Photo Credit: Tertius Pickhard (2021 Images).
Steve Rippon announced as QLD State Performance Advisor
Queensland Athletics and the Queensland Academy of Sport (QAS) are pleased to announce experienced sports administrator and coach, Steve Rippon will step in the role of State Performance Advisor for Queensland’s high performance track and field athletes.
An integral part of the Athletics Australia (AA) High Performance structure, this role will provide advice and leadership to the AA High Performance program in Queensland through a joint partnership with AA, QAS and Queensland Athletics. In this role, Rippon will provide support to the daily training environment of Queensland’s NASS athletes working closely with their personal coaches and the QAS Performance Service team.
With a history of success as a high performance coach and sports administrator both in Australia and abroad, Rippon will re-join the Australian Athletics Community, after spending over two decades overseas, his most recent role being with Finnish Athletics as the National Event Coach for Pole Vault for nine years.
Prior to his stint in Finland, Rippon worked as the high performance Manager for UK Athletics at the number one sports university in Great Britain, Loughborough University. Before working in the UK, Steve was a high performance coach at the West Australian Institute of Sport.
AA’s General Manager of high performance Andrew Faichney said he was thrilled to welcome Rippon back to the Australian athletics community.
“Steve has such rich experience in our sport and has fostered talent from the junior level through to the Olympics, and we’re looking forward to him bringing his wealth of experience to bolster the success of Queensland’s NASS athletes both on and off the track and field,” he said.
“Steve’s experience both as a coach and managing coaches will also mean he is able to help further develop Queensland’s top coaches, which will no doubt help improve the trajectory of athletes rising up the ranks.
“As the lead High Performance Advisor in Queensland – a state that hosts one of our biggest cohorts of NASS athletes – we’re looking forward to him making a serious impact on the performance results of our athletes.”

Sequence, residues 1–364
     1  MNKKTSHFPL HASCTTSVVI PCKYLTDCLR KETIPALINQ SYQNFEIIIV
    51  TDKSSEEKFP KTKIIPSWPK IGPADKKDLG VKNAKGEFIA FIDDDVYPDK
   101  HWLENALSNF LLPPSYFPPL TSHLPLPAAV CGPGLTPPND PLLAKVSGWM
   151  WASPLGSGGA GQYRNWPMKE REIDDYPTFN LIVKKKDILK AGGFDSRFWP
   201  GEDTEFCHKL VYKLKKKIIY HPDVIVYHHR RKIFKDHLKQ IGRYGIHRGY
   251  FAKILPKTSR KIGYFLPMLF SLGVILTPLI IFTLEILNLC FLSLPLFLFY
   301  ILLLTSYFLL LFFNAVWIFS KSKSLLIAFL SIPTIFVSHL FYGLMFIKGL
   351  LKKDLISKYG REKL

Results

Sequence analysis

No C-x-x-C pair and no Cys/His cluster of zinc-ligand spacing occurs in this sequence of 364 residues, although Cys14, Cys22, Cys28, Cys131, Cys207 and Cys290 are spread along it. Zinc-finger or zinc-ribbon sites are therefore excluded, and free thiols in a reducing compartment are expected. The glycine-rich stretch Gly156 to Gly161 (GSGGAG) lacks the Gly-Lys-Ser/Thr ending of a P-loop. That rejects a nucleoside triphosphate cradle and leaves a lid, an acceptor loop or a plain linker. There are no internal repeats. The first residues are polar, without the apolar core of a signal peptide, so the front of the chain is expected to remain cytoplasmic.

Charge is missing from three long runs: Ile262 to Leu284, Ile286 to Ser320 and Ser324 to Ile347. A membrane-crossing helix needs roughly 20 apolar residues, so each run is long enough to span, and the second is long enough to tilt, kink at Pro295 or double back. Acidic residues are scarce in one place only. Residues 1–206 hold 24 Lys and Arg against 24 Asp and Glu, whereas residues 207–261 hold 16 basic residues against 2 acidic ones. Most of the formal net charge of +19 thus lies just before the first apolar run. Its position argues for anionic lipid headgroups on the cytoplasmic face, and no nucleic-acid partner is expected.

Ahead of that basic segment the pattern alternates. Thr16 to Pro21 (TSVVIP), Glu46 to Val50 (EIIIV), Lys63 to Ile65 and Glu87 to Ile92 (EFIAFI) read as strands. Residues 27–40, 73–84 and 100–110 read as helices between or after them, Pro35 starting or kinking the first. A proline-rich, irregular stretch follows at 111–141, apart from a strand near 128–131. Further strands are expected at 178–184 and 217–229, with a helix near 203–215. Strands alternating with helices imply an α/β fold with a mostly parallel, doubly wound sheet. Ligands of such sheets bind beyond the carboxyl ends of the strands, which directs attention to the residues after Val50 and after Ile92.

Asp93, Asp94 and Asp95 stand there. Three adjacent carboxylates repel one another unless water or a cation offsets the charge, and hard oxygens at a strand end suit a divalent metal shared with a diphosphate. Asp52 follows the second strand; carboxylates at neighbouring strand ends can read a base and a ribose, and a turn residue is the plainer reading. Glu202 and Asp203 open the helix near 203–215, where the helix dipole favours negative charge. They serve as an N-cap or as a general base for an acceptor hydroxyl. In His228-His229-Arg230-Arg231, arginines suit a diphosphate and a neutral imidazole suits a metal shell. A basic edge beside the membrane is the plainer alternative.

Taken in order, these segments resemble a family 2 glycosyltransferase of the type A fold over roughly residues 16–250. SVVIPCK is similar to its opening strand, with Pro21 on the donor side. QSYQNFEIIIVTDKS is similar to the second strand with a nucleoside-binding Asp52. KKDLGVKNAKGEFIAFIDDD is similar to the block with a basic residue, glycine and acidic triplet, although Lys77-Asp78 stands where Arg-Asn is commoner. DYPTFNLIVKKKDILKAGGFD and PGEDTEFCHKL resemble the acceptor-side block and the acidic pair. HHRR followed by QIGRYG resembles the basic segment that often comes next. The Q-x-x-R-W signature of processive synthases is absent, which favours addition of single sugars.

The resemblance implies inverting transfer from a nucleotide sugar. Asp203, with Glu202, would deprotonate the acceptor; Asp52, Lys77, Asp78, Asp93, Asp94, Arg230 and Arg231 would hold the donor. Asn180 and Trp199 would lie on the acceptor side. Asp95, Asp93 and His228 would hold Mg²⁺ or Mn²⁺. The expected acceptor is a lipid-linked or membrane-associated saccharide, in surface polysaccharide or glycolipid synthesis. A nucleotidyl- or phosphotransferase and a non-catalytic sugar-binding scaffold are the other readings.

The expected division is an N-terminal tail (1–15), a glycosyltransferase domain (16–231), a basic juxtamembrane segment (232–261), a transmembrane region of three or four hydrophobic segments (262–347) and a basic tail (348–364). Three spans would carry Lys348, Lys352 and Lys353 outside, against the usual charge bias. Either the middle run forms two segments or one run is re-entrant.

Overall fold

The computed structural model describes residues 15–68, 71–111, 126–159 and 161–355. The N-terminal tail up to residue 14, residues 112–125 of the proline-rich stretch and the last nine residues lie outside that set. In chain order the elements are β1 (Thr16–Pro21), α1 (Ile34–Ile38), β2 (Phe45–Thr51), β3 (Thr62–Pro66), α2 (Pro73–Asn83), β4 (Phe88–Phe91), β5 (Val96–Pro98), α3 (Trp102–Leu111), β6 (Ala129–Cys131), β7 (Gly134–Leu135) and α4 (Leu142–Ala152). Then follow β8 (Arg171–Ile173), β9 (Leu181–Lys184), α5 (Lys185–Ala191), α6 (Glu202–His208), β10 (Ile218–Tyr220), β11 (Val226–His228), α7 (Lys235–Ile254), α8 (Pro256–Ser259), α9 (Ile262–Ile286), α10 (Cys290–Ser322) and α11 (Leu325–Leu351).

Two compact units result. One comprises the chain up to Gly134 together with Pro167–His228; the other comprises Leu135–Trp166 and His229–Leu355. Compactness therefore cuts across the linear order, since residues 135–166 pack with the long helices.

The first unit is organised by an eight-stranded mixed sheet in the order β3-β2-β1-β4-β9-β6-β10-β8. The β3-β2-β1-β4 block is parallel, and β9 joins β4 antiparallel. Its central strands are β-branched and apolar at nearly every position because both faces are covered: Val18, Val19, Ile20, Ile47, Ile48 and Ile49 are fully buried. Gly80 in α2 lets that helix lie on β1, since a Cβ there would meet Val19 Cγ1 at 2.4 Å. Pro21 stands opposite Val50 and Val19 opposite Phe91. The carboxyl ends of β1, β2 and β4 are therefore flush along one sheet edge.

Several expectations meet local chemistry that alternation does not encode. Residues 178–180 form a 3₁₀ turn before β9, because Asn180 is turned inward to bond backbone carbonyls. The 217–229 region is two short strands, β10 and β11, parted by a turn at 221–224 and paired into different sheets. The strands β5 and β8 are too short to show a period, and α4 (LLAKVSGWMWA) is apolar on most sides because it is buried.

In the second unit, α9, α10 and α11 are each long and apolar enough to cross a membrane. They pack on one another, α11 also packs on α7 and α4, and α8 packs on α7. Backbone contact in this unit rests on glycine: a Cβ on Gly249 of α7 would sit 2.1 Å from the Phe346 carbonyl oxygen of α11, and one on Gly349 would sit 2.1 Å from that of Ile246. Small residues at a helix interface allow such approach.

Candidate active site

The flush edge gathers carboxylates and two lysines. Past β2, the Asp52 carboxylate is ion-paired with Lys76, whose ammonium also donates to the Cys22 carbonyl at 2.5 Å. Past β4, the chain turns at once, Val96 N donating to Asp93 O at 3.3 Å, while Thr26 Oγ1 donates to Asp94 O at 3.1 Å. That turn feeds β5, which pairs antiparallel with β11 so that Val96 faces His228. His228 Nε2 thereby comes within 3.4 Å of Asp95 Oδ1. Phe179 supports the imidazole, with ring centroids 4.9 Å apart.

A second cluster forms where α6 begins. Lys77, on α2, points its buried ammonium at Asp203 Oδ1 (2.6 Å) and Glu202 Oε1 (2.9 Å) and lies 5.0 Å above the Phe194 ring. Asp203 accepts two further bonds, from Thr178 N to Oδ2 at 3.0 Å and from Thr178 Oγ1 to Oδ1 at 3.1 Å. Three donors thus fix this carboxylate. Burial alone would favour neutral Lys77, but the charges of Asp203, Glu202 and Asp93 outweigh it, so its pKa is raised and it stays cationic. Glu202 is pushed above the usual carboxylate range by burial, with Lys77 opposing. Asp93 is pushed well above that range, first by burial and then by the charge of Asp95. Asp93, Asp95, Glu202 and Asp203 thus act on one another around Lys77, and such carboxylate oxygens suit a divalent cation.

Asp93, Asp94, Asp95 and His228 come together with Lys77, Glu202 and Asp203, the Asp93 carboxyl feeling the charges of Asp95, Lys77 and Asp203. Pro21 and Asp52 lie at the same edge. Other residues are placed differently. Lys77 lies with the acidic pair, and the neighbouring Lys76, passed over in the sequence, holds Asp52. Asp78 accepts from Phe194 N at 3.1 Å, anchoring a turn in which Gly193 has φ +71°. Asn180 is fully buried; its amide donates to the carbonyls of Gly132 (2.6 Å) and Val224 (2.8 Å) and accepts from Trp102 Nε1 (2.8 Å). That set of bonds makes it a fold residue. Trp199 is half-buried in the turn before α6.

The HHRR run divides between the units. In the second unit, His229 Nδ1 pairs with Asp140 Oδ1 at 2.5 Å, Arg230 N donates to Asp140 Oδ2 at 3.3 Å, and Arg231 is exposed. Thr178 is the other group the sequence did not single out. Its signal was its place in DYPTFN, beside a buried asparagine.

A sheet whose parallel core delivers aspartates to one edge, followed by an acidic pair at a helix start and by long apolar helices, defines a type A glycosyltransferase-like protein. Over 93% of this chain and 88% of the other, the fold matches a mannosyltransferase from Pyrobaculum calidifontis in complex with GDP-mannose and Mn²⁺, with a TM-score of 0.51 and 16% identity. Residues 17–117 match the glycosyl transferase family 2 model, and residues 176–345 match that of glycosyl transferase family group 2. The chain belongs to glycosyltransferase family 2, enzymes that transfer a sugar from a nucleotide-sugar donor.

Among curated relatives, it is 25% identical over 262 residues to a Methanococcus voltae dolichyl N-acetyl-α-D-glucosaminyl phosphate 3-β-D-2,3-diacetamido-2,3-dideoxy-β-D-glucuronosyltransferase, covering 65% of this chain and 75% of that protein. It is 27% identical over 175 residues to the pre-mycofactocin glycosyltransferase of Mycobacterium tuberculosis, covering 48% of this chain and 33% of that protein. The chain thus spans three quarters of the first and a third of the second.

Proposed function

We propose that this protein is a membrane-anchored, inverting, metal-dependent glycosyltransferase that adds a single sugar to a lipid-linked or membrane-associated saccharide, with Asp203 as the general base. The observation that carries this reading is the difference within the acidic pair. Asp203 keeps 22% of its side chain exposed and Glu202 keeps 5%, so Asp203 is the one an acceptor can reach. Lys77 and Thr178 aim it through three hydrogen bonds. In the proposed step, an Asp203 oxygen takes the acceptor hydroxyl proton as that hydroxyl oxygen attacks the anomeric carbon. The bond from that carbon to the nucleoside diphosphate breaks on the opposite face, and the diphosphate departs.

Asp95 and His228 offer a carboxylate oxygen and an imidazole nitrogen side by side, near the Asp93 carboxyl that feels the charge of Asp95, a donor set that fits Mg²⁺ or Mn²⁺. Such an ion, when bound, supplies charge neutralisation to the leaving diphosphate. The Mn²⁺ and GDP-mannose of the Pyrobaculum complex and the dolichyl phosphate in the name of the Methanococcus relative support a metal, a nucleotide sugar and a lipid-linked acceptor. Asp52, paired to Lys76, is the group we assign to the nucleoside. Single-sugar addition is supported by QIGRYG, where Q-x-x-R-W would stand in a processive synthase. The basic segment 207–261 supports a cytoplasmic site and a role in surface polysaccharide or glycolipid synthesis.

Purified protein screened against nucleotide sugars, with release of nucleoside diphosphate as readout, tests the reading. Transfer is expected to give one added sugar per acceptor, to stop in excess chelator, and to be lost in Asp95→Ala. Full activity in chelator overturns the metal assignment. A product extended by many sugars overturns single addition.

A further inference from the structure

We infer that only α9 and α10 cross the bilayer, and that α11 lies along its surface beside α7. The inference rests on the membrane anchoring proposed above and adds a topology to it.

Rippon commenced in his role on Monday, 3rd February.
QLD Track Classic and State championships 2021
Notice in regard to 2021 Queensland Athletics State Championships and Queensland Track Classic.
We have taken some time to consider the best options for these events in 2021.
Taking into account the requirements of World Athletics and Oceania Athletics for the QTC, best outcomes for Queensland athletes of all ages and, modelling back up plans to deal with any increased restrictions due to COVID.
Were pleased to announce that the Queensland Athletics State Championships, U14 to Open will be held on the 11th to 14th March 2021.
The 2021 Queensland Track Classic will be a World Athletics Silver Permit Meet and will be held on the evening of Saturday the 27th March.
We will be adding a new Shield Meet to the Calendar, the Darren Thrupp Shield and this will be held as a pre meet to the Queensland Track Classic on the afternoon of the Saturday the 27th March.
With the Australian Athletics Championships starting on 12th of April we also see the opportunity to announce an additional competition on Wednesday that 31st March to assist athletes in preparations for Nationals.
Athlete Chats - Alex Beck
This time we sit down with Doha 4x400m representative Alex Beck. Fresh off a personal best during the 2020 domestic season, we discuss the feeling of breaking a long standing pb, his secret to consistency at the top level and his all time 4x400m relay teams.
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Athlete Chats - Ella Connolly
This week we sat down with sprinter Ella Conolly.
Ella re-wrote her Pb's in a flourish of fast running late 2019 and early 2020 but came up against some injuries. We chat the path she's taking to get back on track during isolation as well as her journey representing Australia.